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October 20, 2016

The Worm in Netflix's Apple


Netflix, which is quickly becoming the apple of investors’ eyes, has seen its stock price jump this week after it “blew through its forecast for subscriber additions in the September quarter,” according to The Wall Street Journal.

And why not? Who doesn’t love Netflix? The company is providing a service that consumers love. And it successfully navigated the transition from physical media to streaming while other, more established players like Blockbuster failed. And now, with the move toward original programming like the much-acclaimed Stranger Things, Netflix is becoming a powerhouse.

And it’s not as if Netflix has no competition. Amazon is clearly in the streaming video business for the long-haul, and has both tremendous resources and a patient, long-term strategy. And there’s Hulu, HBO Go and other competitors.

As free-market cheerleaders, we celebrate when innovators take risks and succeed in the marketplace. It’s clearly a better world with Netflix in it for only $9.99 a month. But there is a worm in Netflix’s apple, and it’s there precisely because the company chose to lobby for favorable treatment from government regulators instead of succeeding through private, free-market negotiations.

You see, Netflix is dependent on broadband—a lot of broadband. Streaming HD video consumes a lot of bandwidth, and Netflix is “the biggest broadband hog in North America.” Which makes it dependent on broadband providers like AT&T, Verizon, Comcast, Charter and Suddenlink to get its products to consumers.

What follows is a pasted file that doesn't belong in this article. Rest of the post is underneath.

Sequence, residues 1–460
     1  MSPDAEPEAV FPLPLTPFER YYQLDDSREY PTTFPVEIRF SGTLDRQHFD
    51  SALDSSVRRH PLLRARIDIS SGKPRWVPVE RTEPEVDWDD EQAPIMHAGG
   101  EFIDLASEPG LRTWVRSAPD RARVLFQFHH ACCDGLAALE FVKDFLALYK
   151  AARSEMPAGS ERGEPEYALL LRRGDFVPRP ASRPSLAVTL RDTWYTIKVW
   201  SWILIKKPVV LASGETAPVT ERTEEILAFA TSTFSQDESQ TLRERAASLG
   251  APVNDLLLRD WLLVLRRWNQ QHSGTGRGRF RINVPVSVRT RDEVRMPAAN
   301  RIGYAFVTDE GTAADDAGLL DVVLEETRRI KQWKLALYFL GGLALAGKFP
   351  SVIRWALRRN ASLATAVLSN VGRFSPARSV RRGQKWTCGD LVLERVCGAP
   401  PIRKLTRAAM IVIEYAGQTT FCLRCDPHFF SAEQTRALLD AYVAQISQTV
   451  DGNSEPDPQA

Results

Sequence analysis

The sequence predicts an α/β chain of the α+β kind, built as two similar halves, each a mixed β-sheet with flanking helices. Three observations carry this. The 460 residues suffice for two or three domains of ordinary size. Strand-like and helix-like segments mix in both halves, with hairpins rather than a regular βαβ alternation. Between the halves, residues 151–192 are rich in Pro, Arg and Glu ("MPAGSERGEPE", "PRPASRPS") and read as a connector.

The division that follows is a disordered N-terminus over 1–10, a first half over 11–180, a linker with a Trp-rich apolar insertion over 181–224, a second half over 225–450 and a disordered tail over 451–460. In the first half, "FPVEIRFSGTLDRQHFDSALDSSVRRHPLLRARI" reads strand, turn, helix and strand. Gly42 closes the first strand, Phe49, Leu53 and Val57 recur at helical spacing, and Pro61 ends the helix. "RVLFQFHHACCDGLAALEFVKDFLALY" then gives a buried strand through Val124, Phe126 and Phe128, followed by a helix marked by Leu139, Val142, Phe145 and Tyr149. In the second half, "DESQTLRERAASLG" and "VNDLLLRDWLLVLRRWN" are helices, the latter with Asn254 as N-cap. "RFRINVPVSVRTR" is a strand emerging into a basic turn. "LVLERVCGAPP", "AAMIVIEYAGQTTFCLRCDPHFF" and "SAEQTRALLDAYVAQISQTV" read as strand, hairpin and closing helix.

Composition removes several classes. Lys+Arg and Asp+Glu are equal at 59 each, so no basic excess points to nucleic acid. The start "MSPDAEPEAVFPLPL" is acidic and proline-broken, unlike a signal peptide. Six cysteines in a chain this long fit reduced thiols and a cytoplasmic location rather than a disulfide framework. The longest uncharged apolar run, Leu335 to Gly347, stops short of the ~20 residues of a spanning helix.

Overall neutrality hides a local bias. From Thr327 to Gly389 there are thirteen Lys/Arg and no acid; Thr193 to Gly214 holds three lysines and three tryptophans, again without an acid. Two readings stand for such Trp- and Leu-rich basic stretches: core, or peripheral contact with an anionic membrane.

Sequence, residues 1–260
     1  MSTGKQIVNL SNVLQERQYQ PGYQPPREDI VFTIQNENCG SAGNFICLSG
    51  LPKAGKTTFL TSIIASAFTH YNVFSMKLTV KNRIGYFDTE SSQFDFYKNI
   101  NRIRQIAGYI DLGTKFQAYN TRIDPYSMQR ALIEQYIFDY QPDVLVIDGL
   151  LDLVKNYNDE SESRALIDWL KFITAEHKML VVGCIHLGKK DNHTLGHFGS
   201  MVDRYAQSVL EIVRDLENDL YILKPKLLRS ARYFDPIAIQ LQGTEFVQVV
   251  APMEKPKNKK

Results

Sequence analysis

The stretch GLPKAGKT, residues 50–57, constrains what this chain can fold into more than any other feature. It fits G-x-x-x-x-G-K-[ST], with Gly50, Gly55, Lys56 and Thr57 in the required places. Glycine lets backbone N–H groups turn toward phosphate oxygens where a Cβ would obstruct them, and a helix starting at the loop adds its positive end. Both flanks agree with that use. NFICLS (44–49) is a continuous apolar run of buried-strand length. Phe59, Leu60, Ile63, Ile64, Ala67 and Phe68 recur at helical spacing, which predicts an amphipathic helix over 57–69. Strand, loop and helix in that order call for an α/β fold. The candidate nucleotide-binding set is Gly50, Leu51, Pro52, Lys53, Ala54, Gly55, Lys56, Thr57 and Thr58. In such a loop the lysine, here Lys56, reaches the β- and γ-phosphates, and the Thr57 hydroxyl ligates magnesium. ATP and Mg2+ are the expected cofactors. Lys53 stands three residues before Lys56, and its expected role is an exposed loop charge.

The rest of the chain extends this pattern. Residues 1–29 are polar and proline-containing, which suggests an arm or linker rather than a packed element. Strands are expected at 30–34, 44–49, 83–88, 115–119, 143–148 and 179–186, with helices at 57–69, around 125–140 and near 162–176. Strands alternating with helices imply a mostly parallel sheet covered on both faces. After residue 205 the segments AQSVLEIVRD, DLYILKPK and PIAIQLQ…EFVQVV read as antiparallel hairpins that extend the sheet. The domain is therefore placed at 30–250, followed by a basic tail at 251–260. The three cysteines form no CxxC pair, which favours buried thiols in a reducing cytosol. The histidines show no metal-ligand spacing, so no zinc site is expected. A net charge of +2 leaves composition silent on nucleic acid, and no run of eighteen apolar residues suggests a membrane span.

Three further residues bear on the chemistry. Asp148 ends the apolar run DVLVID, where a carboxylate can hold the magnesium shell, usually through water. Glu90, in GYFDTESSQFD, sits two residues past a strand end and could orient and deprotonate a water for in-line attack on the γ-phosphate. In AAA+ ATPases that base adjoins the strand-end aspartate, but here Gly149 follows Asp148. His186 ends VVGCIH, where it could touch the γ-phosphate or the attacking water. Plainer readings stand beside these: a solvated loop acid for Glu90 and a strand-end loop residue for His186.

One strategy would have been for Netflix to realize that its success was tied to continued investment and expansion of broadband, and to enter into constructive partnerships with broadband providers to ensure they have every reason to continue to invest in higher speeds and increased coverage.

But the other, easier strategy was to lobby the federal government to regulate broadband providers. Winning through lobbying rather than winning through negotiated contracts, in other words.

And that’s what Netflix did, acting out of “especially puerile and venal motives,” according to The Wall Street Journal’s Holman Jenkins. Netflix became an aggressive, last-minute champion of the most extreme version of broadband regulation through reclassification under Title II.

Now, predictably, broadband investment is down according to several analyses. At some point that is going to catch up with services like Netflix, as more consumers demand HD and 4K video options, which require even more bandwidth. A now highly regulated broadband industry has less incentive to take risks and invest in new capacity, and Netflix was a prime mover in driving the new regulations.

Longer term, if Netflix succeeds in becoming king of the video streaming hill, the company may be surprised to find itself the target of the very expanded regulatory apparatus it helped create.


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